The Olympic Stadium Debate

olympic games image to go with the article
As a keen athlete and grassroots athletics coach, it should made clear from the outset that I’m quite obviously biased towards the retention of the track at the stadium. But as a result of my heavy involvement in the sport, however, I like to think that I have a good understanding of athletics at a grassroots level, and just how important a role that 2012 is going to play in the sport as a whole. Down at Croydon Arena, our training groups have ballooned dramatically over the past 12 months from handful of athletes to 30-40 regulars within the 11-18 age-bracket. The senior coaches with over thirty years experience can’t explain the influx. We’ve done no promotion, no hard sell to schools, nothing. My theory… it’s the carrot of 2012 that’s causing our sport to boom. What’s more, the sport’s increased popularity isn’t just isolated in the microcosm of Croydon, but can be seen throughout the UK. Between 2009-2010, the participation figures of athletes taking part at least once a week jumped by 263,400 to 1.87m people, making it the third most popular sport in the UK, behind football and swimming. In short, with this renewed interest in athletics, we need something as nation to showcase the sport to the UK and to the world and continue this excellent growth. And it comes in the form of the Olympic stadium. Not only will it inspire athletes to want to compete there, with at least 20 days of high calibre competition promised throughout the year, but it will give us the chance to host top class international athletics and show it to the world. It will help enhance the sport in the UK, provide a long-lasting Olympic legacy to a sport which has longed for a national centre-piece for so long, and could act as a strong community centre at the heart of east London. Alas though, things are not this simple, and the arguments made against the stadium are as passionate as those that support the move to keep it. Here’s a selection: The ground will provide little atmosphere and will make for poor spectating for West Ham’s matches – This is true to an extent but surely you are further away when you sit down at Wembley to watch an international or final? Three out of the last Champions League finals have had running tracks and there were no complaints about the atmosphere. Rotherham currently plays at the Don Valley stadium which also has a track. The move will mean the death of Leyton Orient – This is obviously a real shame, but this would still be an issue if Tottenham had won. In truth, the powers that be in the government have gone on record stating that if Orient had made more of a fuss when the bidding process was put out to tender then both Spurs and the Hammers may well have both been unsuccessful. Harsh, but unfortunately true. If athletics was so important, they’d have the stadium and it would pay for itself – Unfortunately, a sole athletics stadium wouldn’t pay for itself and that’s very disappointing. The original plan remember, was to rip the main stand down and have one sole covered stand in the 25,000 seater stadium. The artist’s impressions of this looked truly horrendous, and thankfully no investors thought they could make it work, so it was put out to tender to the football clubs. The argument from UKA has never been that the stadium would be commercially viable as a sole entity. West Ham said they could make it work, so athletics piggy backed on their promise. West Ham will rip the track up within three years – This won’t happen. If it does (which it won’t), Tottenham will take legal action and the athletics fraternity will want to lynch the West Ham owners. But just to reiterate….it WON’T HAPPEN! Tottenham would have rejuvenated athletics at Crystal Palace – Crystal Palace is in desperate need of being rejuvenated, but it’s in such a bad state that the only way to improve it would be to knock it down. It’s also in the wrong location to host major competitions and championships, the Crystal Palace Gran Prix (although well organised), is always absolute chaos . Crystal Palace FC however now plan to move onto the site and also build a new athletics stadium in addition to their proposed new replacement for Selhurst Park, so in this sense everyone wins. Ultimately this debate will rumble on and on even though the decision has already been made. In my opinion though, it shouldn’t have even be a debate in the first place. The very notion that a track should be ripped up after one week’s use is utterly absurd. The same thing happened with the Commonwealth stadium in 2002 – it was ridiculous then and would be even more so now. So well done Boris Johnson and co for making the right decision. Roll on 2012 and beyond!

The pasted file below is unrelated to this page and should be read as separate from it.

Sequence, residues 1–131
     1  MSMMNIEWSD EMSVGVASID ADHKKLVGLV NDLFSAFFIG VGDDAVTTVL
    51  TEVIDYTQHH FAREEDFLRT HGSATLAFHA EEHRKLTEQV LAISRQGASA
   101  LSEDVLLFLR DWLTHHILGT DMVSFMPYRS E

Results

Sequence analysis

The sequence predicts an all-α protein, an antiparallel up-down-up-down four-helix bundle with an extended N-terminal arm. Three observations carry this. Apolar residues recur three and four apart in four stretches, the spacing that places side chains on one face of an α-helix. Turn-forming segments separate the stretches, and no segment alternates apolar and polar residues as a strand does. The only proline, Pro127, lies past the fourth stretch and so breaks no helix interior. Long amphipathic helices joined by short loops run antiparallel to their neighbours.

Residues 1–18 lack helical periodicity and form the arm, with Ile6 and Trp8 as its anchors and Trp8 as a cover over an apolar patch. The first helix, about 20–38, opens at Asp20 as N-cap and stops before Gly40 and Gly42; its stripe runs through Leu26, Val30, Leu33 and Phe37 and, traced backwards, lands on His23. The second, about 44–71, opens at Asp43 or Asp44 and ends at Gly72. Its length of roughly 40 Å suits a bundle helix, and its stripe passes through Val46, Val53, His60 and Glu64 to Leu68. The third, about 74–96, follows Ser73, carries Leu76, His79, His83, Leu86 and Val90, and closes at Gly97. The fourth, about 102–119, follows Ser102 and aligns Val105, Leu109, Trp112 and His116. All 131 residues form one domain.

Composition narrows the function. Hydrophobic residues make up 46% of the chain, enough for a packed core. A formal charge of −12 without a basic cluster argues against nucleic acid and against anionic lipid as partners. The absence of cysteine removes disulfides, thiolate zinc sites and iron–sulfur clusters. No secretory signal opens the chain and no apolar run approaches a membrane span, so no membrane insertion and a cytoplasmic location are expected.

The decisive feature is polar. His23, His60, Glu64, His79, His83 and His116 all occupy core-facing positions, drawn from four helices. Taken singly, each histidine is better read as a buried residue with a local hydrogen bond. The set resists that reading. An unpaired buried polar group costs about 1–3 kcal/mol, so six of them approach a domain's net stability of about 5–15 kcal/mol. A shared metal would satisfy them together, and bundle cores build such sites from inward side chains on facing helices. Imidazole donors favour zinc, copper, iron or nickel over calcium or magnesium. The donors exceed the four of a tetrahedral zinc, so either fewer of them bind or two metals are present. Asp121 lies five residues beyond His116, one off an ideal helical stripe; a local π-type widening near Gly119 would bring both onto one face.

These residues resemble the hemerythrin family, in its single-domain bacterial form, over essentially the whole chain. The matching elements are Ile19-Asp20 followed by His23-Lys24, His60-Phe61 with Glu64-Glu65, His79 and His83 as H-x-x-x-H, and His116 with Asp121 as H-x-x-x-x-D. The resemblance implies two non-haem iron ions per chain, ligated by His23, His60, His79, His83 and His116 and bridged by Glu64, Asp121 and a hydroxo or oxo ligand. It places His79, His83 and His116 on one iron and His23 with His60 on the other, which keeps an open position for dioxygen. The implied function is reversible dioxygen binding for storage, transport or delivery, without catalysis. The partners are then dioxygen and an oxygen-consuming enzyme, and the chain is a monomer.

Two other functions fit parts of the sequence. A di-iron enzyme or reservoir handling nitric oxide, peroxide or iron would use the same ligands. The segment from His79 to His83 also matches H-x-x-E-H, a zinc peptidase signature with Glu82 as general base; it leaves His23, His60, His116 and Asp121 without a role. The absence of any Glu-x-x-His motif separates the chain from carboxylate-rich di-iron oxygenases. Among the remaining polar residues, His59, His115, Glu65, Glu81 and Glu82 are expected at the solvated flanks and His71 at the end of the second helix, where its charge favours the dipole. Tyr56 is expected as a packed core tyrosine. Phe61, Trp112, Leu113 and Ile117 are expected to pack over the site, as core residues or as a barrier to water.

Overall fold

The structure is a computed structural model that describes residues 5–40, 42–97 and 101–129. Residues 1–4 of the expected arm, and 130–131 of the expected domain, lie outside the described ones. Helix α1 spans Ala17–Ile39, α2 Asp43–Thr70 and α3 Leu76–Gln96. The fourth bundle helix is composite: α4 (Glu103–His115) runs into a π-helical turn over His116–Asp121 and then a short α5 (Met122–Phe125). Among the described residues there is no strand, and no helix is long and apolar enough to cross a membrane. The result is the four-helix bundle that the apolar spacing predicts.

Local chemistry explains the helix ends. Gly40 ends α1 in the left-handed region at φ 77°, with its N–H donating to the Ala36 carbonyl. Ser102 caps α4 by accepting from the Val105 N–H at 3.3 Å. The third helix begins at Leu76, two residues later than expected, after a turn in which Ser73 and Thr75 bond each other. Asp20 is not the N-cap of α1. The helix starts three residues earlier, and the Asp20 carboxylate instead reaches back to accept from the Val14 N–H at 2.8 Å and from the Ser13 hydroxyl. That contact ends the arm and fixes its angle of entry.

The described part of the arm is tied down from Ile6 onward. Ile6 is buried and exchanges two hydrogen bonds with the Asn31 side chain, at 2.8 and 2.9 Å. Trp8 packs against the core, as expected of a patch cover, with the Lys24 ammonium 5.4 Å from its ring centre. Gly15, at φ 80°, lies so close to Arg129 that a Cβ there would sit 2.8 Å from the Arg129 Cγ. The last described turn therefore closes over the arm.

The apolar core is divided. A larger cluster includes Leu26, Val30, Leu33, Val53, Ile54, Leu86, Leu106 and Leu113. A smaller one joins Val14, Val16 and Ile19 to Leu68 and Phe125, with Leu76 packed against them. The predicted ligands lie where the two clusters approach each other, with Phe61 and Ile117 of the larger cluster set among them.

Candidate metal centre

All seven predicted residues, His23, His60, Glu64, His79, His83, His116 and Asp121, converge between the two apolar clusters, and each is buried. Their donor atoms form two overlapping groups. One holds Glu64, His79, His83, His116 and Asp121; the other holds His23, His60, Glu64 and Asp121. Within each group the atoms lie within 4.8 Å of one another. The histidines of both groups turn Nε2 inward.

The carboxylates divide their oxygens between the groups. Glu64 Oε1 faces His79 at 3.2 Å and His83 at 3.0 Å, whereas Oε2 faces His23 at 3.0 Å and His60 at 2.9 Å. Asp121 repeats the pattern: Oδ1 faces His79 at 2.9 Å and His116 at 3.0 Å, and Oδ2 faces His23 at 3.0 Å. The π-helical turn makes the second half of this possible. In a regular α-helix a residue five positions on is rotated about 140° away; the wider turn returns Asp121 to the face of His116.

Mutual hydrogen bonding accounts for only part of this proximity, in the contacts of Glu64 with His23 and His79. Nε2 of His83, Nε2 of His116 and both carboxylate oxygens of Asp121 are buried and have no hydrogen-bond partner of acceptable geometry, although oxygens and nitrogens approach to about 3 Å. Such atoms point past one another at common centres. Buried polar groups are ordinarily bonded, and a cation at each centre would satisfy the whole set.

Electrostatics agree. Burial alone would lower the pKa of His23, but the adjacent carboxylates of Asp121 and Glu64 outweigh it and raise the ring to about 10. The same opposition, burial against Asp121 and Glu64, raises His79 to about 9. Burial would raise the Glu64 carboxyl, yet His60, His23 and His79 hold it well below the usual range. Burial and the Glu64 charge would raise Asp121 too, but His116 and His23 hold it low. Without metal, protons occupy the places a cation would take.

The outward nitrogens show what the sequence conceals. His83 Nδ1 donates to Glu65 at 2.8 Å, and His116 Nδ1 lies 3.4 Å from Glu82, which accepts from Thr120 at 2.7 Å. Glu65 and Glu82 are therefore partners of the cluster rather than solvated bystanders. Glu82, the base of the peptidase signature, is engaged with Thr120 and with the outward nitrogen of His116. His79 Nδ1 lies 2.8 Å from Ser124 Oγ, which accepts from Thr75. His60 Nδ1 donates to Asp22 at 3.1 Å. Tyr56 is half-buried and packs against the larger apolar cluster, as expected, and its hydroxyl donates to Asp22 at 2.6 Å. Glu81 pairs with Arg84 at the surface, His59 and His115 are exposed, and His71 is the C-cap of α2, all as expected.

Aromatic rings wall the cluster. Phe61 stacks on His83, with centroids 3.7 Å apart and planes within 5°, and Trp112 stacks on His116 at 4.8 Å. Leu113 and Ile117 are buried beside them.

mAR5ter_'s picture

Amen Matt! Those figures are astonishing about the uptake in athletics! It makes me feel priveleged to be one of the originals who felt the passion of sport and athletics before the bid for London 2012 :-D